The difference in setting and place between your work and my own is one of my favorite things to compare. The time-periods are so different yet or poetry shares so much, and that parallel is so interesting to me because it shows how timeless your work is and hopefully how timeless mine will be in the future. In your collection of poems, “Song of Myself”, the reader is ushered through different snapshots of America, sometimes under the stars in grassy fields, and other times in the South during times of slavery. Your ability to illustrate such meaning through setting has been a guiding light for much of my poetry; “Falling asleep on the gather’d leaves with my dog and gun by my side”, your subtlety drags with it themes of freedom and one’s relationship with nature, all while again providing the reader with ageless scenery (33). The way you connect your readers and your nation to your vision is why I think the imagery you generate makes your work so relatable to people of all backgrounds and upbringings. You say that “[your] elbows rest in sea-gaps, [you] skirt sierras, [your] palms cover continents, [you are] afoot with [your] vision”, epitomizing your ability to connect the masses with with your words, as well as your ability to embody the multitudes that make up this nation (53). In much of my poetry the scene is set in a more modern America, in post-war wastelands and gloomy city streets. I learned from you that the backdrop in poetry can give each line more significance. I think you would appreciate the lines I wrote, “April is the cruellest month, breeding/ Lilacs out of the dead land, mixing/ Memory and desire, stirring/ Dull roots with spring rain…. In the mountains, there you feel free” (378). I try to paint a picture as you did, I try to expose the emotions that come with the changing of the seasons using similar literary devices you did, imagery, free-verse, elegy, and so on.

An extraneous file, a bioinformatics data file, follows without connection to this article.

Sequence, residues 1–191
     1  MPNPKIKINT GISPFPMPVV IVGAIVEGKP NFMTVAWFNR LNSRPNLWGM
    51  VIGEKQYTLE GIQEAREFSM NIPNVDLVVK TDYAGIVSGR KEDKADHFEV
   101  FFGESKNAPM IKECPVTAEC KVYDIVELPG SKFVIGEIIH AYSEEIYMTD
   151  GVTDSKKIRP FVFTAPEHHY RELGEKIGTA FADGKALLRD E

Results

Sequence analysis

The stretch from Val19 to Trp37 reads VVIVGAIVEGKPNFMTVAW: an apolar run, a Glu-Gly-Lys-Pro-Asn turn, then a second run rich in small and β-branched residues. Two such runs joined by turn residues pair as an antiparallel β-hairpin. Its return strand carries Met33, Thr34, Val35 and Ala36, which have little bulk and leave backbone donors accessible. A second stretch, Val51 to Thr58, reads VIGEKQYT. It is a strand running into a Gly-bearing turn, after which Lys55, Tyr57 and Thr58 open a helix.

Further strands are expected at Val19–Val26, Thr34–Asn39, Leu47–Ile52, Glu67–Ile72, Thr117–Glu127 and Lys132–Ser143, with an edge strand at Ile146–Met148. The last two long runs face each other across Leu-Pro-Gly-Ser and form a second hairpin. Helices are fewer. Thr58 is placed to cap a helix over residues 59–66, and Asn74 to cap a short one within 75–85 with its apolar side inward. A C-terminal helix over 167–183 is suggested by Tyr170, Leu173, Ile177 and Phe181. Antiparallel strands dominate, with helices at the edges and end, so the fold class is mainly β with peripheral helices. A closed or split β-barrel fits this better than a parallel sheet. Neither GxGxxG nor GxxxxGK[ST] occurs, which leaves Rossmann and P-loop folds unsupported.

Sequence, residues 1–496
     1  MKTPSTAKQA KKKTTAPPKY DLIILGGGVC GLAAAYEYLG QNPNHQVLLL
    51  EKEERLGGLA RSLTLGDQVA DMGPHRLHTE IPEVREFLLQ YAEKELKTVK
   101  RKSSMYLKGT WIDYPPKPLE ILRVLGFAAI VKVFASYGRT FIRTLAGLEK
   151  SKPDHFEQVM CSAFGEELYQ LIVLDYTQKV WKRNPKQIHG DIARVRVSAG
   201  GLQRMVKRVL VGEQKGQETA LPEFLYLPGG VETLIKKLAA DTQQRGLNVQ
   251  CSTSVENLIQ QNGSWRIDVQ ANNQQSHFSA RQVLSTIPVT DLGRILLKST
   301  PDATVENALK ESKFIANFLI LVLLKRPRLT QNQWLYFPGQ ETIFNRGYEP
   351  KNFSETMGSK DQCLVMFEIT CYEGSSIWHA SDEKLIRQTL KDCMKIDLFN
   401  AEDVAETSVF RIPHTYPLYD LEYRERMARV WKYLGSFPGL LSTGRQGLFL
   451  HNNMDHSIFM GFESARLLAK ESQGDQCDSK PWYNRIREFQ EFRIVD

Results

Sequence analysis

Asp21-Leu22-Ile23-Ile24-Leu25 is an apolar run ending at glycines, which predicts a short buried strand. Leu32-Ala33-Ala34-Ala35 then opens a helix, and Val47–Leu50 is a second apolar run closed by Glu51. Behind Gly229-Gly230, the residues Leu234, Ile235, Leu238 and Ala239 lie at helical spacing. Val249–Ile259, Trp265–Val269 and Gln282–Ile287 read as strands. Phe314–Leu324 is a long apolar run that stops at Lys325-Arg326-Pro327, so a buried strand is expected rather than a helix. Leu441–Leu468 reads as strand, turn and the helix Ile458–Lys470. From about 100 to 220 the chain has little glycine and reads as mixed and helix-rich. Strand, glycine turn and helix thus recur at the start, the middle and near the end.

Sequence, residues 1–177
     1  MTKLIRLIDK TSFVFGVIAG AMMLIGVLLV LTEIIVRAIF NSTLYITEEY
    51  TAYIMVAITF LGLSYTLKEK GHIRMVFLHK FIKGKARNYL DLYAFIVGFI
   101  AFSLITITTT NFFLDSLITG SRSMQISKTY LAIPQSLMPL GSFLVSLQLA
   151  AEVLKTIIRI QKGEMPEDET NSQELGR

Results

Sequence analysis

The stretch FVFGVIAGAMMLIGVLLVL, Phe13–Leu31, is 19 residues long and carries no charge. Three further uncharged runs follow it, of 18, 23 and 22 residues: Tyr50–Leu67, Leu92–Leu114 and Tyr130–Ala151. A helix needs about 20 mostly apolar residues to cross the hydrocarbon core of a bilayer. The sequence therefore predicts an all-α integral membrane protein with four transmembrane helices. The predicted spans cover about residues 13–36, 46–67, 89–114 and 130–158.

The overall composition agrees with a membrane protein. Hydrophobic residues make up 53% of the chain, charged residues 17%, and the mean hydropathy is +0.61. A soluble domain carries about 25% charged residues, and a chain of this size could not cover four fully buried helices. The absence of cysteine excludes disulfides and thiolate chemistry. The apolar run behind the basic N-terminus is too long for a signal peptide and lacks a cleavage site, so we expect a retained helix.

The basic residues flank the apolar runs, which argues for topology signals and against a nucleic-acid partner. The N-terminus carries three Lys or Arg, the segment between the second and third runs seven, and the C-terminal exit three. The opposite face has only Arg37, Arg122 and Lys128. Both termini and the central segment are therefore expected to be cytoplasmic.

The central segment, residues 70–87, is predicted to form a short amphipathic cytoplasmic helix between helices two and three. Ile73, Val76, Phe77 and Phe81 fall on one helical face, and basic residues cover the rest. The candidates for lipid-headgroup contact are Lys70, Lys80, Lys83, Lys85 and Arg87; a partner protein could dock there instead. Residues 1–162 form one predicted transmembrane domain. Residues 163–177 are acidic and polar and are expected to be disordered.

I want to build on your body of work. I want to have the same type impact on American literature as you have. I want to be the inspiration in a time where it is needed. I want to help people find inspiration in their lives, not for just literary use, but for anything, as you have. I can change the way people think and feel and act and view their surroundings with my poetry, and I want to explore that unique power literature grants us writers. It does not matter to me how I am viewed in the public eye, there will always be people out there who are not on the same page as I, but my real objective is to make whomever decides to pick up one of my poems to think, to become aware, to develop their own voice, that they could then use to influence and connect with others. And I know my poetry comes off as maybe dark or morbid, but beyond the shadowy vernacular that I tend to use, lies radiant meaning that challenges and dares the subconscious to view my world, my country, and my contemporaries in a new 20th century fashion.


        T.S Eliot